by carl wilson

Quiet Village


1. Eerily, I had just finished writing a column about (in part) "exotica" when news hit that Martin Denny had died at 94.

2. People keep asking what's the 411 on Brave New Waves. Beyond what I said , I don't know much: As far as I'm aware, the powers that be haven't told the show anything definitive so far. There are union grievances and other complexities involved. If BNW did survive, it seems it would be with a whole different staff, and not in Montreal, and those breaks in continuity would, I think, just make it a new show under the old name. I'll check up on the state of things next week and report here.

3. As rumoured, the delay of M.I.A.'s Arular was due to deal-signin' time. It now will be out March 22, on Interscope, and tour will follow.

Speaking of M.I.A., the way people always are, here's a little report on where she stands back in the homeland, from my main man Doug Saunders, who was in Sri Lanka for awhile post-tsunami:

By the way, people in Colombo wear MIA t-shirts. Of course, in that city they're all either Sinhalese or Muslim Tamil (i.e. anti-Tiger) .... her politics warrant almost no discussion, though her ethno-linguistic identity is well known. In actual Tamil territory, north of the firing line, nobody's heard of her. The Tigers keep everyone so isolated from western culture - it really is a North Korea-style totalitarian quasi-state up there, with picures of the Great Leader on every wall and his slogans on every billboard (The latest: "We support asymmetrical federalism" -- because Bob Rae and David Cameron recently visited and gave them some Canadian ideas) and nobody gets anything from the west. Some of the Tigerettes commandeered our van for a day once (I should say the LTTE Women's Squadron or whatever - maybe 16 years old and perfectly uniformed and carrying AK47s and really scary) and they started giggling when they heard us speaking English, and it emerged that the only cultural figures they knew anything about were U.S. presidents. Not even movie stars, and certanly not anything in music. Back south, I don't think people actually listen to her (M.I.A.) very much - it's not a sound that works well on the local sonic palate, which even among the rebellious tends to the cloying, from my tiny judgement.

News | Posted by zoilus on Friday, March 04 at 1:58 PM | Linking Posts | Comments (7)



FYI, Toronto's Hagood Hardy played vibes for many years with Martin Denny in Honolulu. I don't know if he was on the records or not.

Posted by al mair on March 11, 2005 10:32 AM



Mr. Considine,

Not trying to order history into a word play , rather, pointing out what can become of simplification of entire cultures. “Depersonalization” (yes, the military has the worse word play around) begins at home and, yes, even on a Martin Denny record. There are also, several different phonetic approximations, in english characters, of said village’s name. Mi Lai or Mai Lai was not that village’s name, as “they” knew it, only as history knows it. And history, as you pointed out, is an unreliable narrator.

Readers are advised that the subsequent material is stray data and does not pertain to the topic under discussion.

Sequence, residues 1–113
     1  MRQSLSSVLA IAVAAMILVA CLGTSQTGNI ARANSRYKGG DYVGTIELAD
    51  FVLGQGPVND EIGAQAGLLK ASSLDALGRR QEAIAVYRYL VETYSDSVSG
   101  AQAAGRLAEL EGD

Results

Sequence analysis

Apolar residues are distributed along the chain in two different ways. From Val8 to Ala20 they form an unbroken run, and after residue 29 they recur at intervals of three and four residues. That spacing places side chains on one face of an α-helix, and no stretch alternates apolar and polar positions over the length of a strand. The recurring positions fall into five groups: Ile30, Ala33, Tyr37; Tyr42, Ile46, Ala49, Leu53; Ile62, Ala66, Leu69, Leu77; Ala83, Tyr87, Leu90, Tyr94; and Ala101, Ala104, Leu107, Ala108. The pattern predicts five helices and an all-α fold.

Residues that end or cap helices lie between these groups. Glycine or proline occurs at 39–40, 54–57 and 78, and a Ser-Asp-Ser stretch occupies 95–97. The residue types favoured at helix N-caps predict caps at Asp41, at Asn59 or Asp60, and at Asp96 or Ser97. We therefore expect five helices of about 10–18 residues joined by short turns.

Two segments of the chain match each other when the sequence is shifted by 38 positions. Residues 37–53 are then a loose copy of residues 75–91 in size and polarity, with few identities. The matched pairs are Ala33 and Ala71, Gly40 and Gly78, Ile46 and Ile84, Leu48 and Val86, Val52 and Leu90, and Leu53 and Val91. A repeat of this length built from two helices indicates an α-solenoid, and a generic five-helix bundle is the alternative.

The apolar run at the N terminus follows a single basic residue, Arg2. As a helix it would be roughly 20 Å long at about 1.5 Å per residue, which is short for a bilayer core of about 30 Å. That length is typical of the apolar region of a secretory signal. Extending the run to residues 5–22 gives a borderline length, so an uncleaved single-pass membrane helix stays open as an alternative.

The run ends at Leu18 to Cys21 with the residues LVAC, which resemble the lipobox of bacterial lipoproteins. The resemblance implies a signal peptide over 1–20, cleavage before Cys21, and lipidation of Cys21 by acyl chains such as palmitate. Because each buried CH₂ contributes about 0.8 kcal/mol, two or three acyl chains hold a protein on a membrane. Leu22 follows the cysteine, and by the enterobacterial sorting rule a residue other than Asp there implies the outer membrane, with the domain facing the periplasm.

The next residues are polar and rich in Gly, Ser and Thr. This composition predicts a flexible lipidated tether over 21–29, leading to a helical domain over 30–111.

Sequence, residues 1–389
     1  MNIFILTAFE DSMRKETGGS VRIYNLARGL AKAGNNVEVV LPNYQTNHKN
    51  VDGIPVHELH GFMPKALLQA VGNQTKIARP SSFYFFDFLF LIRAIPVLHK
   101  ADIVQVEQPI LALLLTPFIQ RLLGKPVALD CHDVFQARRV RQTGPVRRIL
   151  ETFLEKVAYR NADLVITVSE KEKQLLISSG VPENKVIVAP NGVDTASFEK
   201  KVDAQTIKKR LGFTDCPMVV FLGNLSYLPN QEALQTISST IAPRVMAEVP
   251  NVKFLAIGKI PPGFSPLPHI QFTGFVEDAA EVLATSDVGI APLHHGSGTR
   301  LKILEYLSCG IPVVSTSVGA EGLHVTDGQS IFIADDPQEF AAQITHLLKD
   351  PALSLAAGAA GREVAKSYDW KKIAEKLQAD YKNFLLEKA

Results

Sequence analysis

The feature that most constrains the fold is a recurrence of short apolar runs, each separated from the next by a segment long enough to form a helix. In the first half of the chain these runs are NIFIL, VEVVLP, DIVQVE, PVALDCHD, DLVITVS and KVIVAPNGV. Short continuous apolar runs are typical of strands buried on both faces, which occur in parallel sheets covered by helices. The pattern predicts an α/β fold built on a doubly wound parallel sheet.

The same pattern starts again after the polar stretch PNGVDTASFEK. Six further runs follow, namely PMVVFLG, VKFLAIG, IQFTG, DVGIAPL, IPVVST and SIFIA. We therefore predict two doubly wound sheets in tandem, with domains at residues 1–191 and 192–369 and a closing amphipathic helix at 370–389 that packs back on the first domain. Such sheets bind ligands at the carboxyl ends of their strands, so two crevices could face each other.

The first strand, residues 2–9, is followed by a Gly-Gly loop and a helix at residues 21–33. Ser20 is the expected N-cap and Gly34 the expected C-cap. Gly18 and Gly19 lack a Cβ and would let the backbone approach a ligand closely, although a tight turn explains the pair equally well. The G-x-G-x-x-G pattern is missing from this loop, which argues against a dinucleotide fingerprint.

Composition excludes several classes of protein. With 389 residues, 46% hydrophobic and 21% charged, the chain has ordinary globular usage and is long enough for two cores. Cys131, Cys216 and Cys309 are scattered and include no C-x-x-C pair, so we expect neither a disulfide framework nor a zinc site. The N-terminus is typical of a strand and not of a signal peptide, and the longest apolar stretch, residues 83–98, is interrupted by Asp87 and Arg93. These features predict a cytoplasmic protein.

Posted by Brian on March 5, 2005 5:02 PM



I haven't listened to Brave New Waves in AGES but I was just wondering, what's going to happen with BNW host Patti Schmidt? She's been with the show FOREVER.

Posted by mike on March 5, 2005 3:55 PM



hey carl hit up my email if you want some grime tunes/video footage for research purposes.

Posted by luca on March 5, 2005 2:42 PM



"...the distance between a Mai Tai and a Mai Lai is not so far." Cute wordplay, that. Unfortunately, I suspect you're thinking of Mi Lai, which was the village where Lt. Calley and his troops massacred all those civilians. Doesn't rhyme with any cocktails, I'm afraid, but history can be messy that way.

Posted by JD Considine on March 5, 2005 12:11 PM



Martin Denny was still alive??? I hated Denny for two reasons:

1. I once had a completely unhinged roommate who filled a 90min cassette up with different versions of Hawaiian War Chant.
2. Nothing stinks worse than old appropriation. It smells like the smug rot of assumed superiority that led to Vietnam and turned ‘Quiet Villages’ into ‘Strategic Hamlets.’ Once the process starts, the distance between a Mai Tai and a Mai Lai is not so far. Looking forward to your column.

Posted by Brian on March 4, 2005 9:46 PM



Concerning the Brave New Wave bit. The CBC made similar move with the french show "Bande à Part" in that they basically threw everybody out for a brand new staff with devastating results. The old staff was a bunch of hungry young music fans that were extremely dedicated in bringing forth new and interesting Quebec music to the people. The show was simply awesome, the website as well and the short lived ArtTV show a breath of fresh air.

For some reason the CBC thought important to bring in Claude Rajotte who is an experienced journalist and who is an encyclopedia in terms of pop music but certainly doesn't have the drive nor the willingness to continue to bring the show outside its radio boundaries like the old staff did.

Posted by blawa on March 4, 2005 3:03 PM




Zoilus by Carl Wilson